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Kansas Farmer Mixes Wheat, Fertilizer In Drill
Mixing wheat seed with fertilzer right in the drill has boosted yields for Scott City, Kan., farmer Bruce Wilkens, according to a recent report in Kansas Farmer.
Wilkens wanted to get dry phosphorus right into the root zone rather than applying it on the surface. He tried putting liquid phosphous on with his drill but it was ex-pensive and required extra application equipment. Putting it down with the seed seemed like the simplest solution. He first tried it three years ago, mixing a limited amount of 11-52-0 in with seed wheat. Yields on that small patch jumped 12 per-cent (5 bu./acre) over neighboring fields. The next year he expanded the idea to 300 acres and then increased that to 600 acres last season.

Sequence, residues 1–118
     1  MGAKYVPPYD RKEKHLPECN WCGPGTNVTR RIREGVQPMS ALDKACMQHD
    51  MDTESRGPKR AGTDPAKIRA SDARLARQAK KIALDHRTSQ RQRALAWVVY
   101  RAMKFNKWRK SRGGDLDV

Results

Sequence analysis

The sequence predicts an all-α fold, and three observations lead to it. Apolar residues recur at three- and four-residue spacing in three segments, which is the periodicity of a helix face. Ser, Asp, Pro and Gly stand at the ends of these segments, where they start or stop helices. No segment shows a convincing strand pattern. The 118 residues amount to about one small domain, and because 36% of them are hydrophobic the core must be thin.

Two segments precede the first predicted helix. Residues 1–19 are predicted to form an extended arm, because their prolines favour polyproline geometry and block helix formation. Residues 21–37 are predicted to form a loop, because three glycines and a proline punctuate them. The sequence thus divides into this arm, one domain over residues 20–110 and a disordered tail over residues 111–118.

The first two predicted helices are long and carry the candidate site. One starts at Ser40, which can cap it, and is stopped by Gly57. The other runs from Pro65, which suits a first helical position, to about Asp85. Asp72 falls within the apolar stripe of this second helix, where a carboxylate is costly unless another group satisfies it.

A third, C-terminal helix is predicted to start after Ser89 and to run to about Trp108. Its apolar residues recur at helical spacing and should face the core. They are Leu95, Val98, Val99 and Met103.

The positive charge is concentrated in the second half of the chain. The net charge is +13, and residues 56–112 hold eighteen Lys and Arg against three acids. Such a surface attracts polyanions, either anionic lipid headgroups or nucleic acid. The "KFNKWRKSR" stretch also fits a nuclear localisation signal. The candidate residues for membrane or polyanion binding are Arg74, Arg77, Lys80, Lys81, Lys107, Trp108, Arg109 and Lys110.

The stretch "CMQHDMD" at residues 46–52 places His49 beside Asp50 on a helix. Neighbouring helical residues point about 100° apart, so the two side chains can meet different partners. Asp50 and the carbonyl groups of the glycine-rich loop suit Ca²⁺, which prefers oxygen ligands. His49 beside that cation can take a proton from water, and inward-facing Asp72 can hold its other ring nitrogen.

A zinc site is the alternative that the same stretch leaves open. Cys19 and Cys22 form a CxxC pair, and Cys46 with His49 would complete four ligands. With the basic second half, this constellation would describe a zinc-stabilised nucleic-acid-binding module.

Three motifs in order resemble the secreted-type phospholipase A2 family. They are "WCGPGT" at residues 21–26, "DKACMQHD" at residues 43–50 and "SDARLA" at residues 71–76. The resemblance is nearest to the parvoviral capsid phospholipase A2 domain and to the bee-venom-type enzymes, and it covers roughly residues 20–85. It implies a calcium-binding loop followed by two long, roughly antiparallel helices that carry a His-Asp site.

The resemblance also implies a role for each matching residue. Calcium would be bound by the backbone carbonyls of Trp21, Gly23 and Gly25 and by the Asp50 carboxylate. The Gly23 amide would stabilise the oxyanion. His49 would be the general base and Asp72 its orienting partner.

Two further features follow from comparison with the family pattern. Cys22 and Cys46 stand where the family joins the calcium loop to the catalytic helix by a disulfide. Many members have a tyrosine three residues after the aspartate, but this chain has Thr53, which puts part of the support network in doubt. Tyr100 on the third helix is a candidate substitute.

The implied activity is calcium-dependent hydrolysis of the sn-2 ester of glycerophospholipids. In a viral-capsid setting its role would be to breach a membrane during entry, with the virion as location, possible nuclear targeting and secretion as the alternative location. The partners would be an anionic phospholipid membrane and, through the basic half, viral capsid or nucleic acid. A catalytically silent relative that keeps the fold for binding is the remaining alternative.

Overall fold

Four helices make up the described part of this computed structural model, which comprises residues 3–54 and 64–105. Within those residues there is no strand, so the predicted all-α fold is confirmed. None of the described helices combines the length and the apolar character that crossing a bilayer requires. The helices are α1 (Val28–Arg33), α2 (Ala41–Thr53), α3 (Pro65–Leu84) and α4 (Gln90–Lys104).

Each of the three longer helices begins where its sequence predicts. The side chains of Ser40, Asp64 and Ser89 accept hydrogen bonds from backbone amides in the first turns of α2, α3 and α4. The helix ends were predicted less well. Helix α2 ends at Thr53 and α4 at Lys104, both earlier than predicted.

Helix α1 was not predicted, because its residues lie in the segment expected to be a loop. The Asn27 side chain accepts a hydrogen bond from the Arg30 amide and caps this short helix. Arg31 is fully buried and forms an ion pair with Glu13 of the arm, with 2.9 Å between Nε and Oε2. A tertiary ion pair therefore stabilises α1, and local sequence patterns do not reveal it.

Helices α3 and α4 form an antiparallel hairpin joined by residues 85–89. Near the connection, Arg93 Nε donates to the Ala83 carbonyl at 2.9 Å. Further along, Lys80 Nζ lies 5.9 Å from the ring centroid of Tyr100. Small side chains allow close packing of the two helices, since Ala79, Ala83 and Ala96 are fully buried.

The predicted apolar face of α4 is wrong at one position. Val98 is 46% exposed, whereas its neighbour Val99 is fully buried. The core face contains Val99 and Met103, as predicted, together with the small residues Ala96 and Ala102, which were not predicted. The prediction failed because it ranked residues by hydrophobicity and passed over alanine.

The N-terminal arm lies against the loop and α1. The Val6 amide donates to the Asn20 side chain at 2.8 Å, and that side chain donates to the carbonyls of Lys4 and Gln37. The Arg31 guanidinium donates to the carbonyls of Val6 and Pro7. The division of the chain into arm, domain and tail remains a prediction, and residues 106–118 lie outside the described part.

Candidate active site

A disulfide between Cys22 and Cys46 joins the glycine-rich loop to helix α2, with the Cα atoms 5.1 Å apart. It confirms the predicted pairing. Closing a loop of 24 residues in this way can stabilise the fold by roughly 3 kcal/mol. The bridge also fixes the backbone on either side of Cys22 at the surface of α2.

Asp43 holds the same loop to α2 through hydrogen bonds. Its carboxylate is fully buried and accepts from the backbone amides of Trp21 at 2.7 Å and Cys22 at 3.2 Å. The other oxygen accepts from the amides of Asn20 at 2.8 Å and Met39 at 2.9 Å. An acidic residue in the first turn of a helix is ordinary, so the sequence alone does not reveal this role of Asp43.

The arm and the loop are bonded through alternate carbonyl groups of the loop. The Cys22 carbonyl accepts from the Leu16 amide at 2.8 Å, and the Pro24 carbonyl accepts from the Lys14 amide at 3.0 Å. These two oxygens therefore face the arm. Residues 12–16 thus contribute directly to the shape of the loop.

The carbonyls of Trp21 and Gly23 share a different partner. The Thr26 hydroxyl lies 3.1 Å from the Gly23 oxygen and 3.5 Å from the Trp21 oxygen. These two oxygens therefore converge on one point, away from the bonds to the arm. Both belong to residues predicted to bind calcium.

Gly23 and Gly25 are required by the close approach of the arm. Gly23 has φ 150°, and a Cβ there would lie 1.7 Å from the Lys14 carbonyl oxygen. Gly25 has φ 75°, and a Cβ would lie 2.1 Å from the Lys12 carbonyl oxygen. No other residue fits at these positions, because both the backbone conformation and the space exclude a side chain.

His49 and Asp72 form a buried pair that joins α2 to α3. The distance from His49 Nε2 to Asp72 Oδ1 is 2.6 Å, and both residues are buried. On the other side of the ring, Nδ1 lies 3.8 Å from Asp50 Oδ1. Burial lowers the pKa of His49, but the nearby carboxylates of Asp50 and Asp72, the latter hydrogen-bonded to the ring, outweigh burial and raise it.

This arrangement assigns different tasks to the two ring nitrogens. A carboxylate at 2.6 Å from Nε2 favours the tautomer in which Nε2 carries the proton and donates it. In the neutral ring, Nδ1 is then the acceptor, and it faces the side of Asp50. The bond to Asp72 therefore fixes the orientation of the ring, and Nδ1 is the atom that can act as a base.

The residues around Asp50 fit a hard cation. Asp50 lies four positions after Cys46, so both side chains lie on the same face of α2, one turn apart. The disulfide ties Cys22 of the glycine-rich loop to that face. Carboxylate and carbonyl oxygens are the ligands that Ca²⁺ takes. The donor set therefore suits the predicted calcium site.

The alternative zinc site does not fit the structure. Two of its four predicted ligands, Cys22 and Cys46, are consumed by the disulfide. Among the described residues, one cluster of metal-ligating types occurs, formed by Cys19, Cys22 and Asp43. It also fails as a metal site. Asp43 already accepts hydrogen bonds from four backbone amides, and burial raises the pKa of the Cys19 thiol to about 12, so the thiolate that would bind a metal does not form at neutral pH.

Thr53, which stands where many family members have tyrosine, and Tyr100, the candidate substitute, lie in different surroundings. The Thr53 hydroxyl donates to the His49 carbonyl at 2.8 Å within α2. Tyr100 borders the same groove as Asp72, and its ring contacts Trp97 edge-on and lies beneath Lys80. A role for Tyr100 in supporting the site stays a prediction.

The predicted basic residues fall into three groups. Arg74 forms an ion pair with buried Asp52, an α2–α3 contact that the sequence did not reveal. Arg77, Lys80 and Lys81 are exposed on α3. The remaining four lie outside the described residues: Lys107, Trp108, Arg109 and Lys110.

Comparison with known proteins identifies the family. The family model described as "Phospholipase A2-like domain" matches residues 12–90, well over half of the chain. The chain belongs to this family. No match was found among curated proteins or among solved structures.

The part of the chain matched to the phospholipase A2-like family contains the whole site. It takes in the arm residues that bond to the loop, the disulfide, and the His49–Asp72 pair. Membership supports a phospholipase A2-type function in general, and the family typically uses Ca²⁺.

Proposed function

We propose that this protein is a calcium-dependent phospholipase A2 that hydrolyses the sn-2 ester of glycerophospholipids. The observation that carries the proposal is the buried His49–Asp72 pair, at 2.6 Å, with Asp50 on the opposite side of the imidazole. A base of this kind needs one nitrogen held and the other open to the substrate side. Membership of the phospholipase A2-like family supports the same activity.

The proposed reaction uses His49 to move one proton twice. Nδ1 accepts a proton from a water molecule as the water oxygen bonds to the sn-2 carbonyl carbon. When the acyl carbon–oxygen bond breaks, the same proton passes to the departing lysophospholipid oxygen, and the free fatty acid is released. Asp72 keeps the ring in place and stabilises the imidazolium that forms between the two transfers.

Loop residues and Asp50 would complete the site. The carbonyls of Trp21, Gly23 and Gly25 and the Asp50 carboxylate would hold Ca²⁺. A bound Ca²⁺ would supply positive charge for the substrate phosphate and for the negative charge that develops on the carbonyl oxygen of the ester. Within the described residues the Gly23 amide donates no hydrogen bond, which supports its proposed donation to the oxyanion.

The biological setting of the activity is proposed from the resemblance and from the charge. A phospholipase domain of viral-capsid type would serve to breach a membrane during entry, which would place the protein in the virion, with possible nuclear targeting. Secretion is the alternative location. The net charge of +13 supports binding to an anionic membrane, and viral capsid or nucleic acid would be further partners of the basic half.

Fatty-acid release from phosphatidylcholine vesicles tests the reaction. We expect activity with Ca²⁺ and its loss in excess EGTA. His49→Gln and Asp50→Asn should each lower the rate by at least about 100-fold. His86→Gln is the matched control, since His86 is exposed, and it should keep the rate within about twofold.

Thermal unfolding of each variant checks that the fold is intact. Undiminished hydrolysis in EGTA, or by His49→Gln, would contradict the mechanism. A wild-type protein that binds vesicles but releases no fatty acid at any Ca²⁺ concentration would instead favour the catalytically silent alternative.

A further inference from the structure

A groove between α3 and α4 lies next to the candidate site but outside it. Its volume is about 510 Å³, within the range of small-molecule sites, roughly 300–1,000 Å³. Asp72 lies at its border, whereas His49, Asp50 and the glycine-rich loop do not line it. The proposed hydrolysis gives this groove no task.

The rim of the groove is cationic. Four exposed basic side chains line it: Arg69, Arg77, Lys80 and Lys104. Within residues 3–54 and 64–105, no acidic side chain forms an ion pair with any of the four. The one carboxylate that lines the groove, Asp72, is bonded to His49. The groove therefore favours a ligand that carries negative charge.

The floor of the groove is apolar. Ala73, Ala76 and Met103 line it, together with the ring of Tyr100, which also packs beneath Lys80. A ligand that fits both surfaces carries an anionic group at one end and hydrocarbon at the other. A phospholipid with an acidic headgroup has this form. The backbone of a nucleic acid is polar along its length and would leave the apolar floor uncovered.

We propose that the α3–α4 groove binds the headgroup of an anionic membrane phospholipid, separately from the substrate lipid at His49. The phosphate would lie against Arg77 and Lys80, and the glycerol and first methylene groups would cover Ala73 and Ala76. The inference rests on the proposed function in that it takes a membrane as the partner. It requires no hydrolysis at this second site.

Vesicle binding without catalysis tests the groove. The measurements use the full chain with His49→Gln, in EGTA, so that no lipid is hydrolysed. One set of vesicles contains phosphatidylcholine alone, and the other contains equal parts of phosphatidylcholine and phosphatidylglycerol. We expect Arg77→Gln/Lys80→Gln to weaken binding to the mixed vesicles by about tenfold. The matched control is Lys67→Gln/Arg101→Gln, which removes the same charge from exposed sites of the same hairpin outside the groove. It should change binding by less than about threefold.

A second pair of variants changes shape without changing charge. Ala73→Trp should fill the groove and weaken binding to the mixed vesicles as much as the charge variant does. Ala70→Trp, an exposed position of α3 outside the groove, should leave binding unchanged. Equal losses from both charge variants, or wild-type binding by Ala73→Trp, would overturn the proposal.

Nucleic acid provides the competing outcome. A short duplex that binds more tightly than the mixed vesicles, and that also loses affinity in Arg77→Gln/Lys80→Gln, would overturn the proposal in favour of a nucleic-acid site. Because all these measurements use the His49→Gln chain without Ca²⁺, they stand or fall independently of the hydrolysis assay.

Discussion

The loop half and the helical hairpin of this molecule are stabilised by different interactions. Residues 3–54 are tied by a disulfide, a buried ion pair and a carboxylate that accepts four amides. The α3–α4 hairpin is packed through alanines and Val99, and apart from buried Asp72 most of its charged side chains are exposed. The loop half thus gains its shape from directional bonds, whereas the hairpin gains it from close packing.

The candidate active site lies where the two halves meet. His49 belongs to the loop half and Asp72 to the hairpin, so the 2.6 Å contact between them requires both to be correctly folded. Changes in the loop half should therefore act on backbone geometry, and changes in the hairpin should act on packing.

Drawbacks are that Wilkens has to haul seed to town to have the fertilzer blended together with fertilizer. Also, he has to refill drills more often. But he says he's noticed no problem with fertilizer settling out or corroding equipment.
The most important thing is to get the drill calibrated right for the blend so you have the right seeding and fertilizing rate. Wilkens shoots for about 30 lbs. of 11-52-0 per acre, which gives him about 15 lbs. of phosphorous per acre and a bit of nitrogen to give the crop an early kick. The bulk of his nitrogen goes on as anhydrous. It's also important to use a high grade of fertilizer with uniform particle size and no dust or fines.


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1993 - Volume #17, Issue #6